According to the U.S. Department of Labor, shorter breaks under 20 minutes are considered compensable work hours, which means employees need to be paid for that time. But longer breaks and meal times are not considered work hours and employees don’t need to be paid for longer breaks.
By break tracking, you’ll know exactly how long each break is, so you can pay your team properly. Plus, you’ll be following the Fair Labor Standards Act (FLSA) rules, which require you to store time cards—including breaks—for up to 4 years.
Break breakdown: This handy chart from the U.S. Department of Labor breaks down the mealtime and break rules by state.
Faster and stress-free payroll
Payroll can feel like a bit of a headache even in the best of circumstances. Toss in a bunch of paid and unpaid breaks and you might find yourself needing to take your own break.
33% of employers make payroll errors every year. And error-prone manual calculations are a surefire way to become a part of that statistic. When you’re not tracking breaks, you’re left guesstimating or manually calculating the unpaid and paid break hours for each of your employees. Or even worse, you might find yourself accidentally paying employees for unpaid breaks which can cost you hundreds, if not thousands, of dollars every year.
By tracking breaks with an online time clock, you can automatically calculate the exact number of working hours, paid breaks, and unpaid breaks—no math required. So when payday rolls around, paying your team is easy and stress-free.
Less surprise labor costs
Labor costs are often one of the biggest expenses for small businesses. Staying on top of your labor costs is key, and that includes—you guessed it—tracking employee breaks.
Breaks might feel like a small part of your payroll expenses, but even a few minutes here or there can add up quickly. The last thing you want is to realize that you’ve racked up hundreds of dollars in missed unpaid breaks, accidentally overpaid for a break, or employees have accidentally gone into overtime. Break tracking eliminates these less-than-ideal surprises on payday.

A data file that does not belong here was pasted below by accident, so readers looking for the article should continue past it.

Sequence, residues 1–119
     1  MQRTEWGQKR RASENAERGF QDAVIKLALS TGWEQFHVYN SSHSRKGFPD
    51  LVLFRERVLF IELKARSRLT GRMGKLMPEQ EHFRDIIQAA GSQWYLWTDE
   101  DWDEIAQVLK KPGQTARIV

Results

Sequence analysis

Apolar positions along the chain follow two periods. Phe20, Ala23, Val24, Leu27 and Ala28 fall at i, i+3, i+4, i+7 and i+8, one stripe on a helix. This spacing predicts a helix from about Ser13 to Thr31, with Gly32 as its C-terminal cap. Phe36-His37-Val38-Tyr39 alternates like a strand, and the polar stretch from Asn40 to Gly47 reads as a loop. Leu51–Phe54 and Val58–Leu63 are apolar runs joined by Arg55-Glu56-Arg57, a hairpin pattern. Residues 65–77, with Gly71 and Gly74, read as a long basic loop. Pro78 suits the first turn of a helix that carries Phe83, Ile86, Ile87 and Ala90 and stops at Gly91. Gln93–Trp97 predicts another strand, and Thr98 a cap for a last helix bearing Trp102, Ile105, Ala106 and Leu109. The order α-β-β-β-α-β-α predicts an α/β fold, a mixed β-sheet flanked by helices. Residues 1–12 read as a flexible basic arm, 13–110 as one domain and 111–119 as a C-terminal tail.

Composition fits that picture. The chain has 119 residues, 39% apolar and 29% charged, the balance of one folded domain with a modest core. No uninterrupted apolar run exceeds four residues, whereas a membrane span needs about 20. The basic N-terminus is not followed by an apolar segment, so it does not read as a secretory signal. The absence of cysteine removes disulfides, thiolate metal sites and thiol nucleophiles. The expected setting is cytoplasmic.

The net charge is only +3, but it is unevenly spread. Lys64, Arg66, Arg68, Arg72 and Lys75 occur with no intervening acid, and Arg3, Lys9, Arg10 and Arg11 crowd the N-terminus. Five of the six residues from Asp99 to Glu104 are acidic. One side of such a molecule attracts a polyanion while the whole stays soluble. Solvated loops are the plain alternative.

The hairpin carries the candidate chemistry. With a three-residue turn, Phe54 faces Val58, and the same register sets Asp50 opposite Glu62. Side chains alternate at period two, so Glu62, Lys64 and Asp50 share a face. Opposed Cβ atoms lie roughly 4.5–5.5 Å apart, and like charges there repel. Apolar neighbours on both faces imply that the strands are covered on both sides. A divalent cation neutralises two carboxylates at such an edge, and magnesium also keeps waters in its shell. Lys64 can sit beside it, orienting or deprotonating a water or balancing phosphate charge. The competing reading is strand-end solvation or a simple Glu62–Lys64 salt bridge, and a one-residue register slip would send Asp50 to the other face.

You’ll also have a record of exactly when each employee clocks in and out for their breaks. So you can easily catch intentional and accidental time theft, like extra-long paid breaks or unauthorized skipped breaks.
Breaks made simple: Easily store time card data and track paid and unpaid breaks with Homebase breaks.
Improved employee experience and productivity
Paid and even unpaid breaks can feel like a dent in your bottom line. But breaks are actually a win-win for both you and your team.
A survey found that 88% of employees say they return to work feeling refreshed and energized after a break. Even if breaks aren’t mandated in your area, regular employee breaks can go a long way in improving employee happiness and productivity. And of course, we know that happy employees are more likely to stick around, reducing employee turnover.
Implementing break tracking makes sure that employees never miss a hard-earned break and are getting paid properly for their time. It’s also a great way to keep your employees accountable for their working hours and build trust within your team.
What is break waiving or break waivers?